Historically, Fiji has had a long experiment with politics that was race-based. It has proven successively that politics of race neither benefited the indigenous Fijians (the targeted beneficiaries) nor Indo-Fijians (the victims). The system created indigenous elites that comprised of the chiefs and those that climbed the indigenous political ladder for one reason or other. They became and posed as God’s chosen ones to guide the destiny of a divided Fiji. The racial divisions only helped them to prosper while others fought for the crumbs. It was cruel and evil but packaged and promoted in such a way that the so-called leaders were viewed and accepted as the true champions of the indigenous community. The truth was that they discreetly and deviously promoted their self interest above the interests of the community that they purported to serve.

Interestingly, the people of Fiji accepted the villainy of the elites without resistance, as truth was submerged in the debris of deceit and lies that characterized successive Fijian Governments. Sadly, the ordinary indigenous Fijians remained loyal to their leaders and Indo-Fijians accepted their plight in the absence of enlightened and committed leadership. Their prime focus was education of their children and immigration, as their hope, faith and trust in a fair political and administrative system in Fiji was long gone. Fiji’s democracy was hollow and under its cover, they had suffered much and the noose around their necks kept tightening every passing day. Most were of the view that it was all systematically designed to accelerate their exodus overseas and it worked miraculously for its proponents. Over 200,000 Indo-Fijians now live overseas and the Indo-Fijian population has dropped from 52 per cent to 34 per cent since the first coup of May 14, 1987.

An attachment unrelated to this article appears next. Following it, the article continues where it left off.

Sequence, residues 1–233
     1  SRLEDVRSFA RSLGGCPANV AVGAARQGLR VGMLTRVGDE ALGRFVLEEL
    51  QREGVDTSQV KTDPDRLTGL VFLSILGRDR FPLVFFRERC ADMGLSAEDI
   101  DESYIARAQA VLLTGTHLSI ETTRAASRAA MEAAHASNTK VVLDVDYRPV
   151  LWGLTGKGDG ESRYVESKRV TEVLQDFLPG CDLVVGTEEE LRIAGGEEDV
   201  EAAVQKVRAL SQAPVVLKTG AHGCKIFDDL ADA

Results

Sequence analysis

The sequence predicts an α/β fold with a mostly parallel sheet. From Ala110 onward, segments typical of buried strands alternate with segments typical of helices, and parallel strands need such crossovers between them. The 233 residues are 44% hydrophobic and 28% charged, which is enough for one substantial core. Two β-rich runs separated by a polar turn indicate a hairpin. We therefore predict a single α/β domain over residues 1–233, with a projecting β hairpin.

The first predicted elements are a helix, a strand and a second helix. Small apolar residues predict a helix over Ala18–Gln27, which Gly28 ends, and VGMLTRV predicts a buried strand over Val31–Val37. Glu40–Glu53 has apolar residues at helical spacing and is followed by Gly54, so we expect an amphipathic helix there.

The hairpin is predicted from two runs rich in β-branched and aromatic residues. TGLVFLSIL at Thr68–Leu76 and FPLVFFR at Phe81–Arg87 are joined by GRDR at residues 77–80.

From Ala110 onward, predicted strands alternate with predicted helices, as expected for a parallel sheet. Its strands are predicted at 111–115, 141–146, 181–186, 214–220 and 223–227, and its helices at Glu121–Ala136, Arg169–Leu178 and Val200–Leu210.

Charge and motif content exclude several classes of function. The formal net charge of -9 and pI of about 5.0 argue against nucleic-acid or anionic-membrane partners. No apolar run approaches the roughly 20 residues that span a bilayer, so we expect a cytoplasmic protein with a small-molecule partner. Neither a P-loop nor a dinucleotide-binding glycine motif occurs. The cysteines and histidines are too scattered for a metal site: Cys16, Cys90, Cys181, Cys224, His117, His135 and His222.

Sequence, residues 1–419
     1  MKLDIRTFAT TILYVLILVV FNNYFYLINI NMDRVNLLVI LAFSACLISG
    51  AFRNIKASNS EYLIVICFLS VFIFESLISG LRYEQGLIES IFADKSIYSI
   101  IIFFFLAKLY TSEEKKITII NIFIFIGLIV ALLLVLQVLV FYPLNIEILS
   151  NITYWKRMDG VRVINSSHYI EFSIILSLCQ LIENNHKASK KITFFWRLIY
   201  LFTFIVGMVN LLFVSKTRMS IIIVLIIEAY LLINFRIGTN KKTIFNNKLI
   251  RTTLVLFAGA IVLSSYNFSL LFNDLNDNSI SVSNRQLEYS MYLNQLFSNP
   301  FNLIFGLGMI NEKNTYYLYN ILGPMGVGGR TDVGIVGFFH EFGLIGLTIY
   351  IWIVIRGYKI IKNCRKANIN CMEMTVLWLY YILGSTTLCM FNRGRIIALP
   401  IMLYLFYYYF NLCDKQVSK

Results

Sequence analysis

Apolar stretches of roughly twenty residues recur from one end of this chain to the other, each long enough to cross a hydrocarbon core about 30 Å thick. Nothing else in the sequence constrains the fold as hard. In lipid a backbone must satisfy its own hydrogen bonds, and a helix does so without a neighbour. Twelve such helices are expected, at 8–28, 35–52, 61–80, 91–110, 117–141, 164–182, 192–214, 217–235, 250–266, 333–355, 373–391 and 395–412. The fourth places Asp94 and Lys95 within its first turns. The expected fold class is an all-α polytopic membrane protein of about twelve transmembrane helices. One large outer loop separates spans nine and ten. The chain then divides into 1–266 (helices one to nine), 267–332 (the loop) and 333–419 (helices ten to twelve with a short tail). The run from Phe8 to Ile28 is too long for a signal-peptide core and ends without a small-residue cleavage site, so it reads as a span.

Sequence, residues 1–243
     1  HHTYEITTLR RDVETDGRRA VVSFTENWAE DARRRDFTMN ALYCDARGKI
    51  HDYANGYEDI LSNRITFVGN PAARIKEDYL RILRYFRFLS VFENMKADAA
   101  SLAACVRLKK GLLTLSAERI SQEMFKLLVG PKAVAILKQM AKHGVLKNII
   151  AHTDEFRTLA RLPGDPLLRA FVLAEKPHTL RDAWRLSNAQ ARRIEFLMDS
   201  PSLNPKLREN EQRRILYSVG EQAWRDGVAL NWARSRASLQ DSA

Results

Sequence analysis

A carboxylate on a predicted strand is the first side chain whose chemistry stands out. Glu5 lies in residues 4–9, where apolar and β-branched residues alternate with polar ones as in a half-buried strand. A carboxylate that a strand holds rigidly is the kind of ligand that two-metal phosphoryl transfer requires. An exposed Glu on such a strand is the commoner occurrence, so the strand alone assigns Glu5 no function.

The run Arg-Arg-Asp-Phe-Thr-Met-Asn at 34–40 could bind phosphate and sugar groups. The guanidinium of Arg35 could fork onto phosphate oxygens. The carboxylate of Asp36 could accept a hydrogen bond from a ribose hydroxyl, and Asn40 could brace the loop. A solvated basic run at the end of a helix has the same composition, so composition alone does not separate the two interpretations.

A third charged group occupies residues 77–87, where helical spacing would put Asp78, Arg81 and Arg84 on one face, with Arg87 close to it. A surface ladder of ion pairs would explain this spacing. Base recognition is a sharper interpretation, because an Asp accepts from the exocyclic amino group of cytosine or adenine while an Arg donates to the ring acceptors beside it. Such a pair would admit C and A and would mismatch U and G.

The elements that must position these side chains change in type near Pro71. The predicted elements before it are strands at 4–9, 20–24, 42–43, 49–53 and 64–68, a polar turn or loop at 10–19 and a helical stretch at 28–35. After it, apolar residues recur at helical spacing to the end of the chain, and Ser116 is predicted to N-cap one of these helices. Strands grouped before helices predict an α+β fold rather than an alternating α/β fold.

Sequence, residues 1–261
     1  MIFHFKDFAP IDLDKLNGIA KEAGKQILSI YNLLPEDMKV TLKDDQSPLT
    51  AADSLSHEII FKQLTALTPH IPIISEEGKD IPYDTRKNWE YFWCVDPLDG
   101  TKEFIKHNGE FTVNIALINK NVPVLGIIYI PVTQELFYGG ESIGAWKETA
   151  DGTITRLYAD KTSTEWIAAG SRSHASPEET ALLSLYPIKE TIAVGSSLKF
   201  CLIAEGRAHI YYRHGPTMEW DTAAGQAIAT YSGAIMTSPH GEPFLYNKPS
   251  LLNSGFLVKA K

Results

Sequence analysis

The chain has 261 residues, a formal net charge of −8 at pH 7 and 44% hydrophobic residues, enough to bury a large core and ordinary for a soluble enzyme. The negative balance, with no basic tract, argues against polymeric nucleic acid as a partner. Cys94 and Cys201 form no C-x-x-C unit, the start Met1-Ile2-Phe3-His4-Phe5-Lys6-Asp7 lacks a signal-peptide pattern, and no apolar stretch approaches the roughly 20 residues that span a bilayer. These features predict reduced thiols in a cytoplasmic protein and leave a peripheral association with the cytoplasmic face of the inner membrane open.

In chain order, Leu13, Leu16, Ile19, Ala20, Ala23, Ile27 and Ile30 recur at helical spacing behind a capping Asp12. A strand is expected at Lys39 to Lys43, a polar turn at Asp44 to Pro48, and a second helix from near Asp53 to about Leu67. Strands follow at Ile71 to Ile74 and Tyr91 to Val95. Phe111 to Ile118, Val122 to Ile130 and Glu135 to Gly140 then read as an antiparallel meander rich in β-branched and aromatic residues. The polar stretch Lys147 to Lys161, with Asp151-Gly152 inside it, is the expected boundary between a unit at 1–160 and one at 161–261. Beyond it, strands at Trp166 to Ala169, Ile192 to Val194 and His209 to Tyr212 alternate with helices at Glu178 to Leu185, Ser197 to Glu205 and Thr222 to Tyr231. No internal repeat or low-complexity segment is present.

Will the proposed Constitution allay Indo-Fijian fears and restore their faith and trust in Fiji? Hardly, if recent history is to be taken as a guide. The 1997 Constitution was adopted with great fanfare. It was meant to augur the spirit of multiracialism and unite the peoples of Fiji. It was widely felt that Fiji had learnt its lessons, as it suffered international ostracism, widespread poverty and unemployment following the first coup. The plight of ordinary indigenous Fijians was no better than what they were before the coup. The then Prime Minister Sitiveni Rabuka, the coup maker, subsequently expressed his remorse before the nation and urged the peoples of Fiji to unite and work together for the common good. With his appeal, the proposed Constitution received unanimous approval from everyone including the Great Council of Chiefs.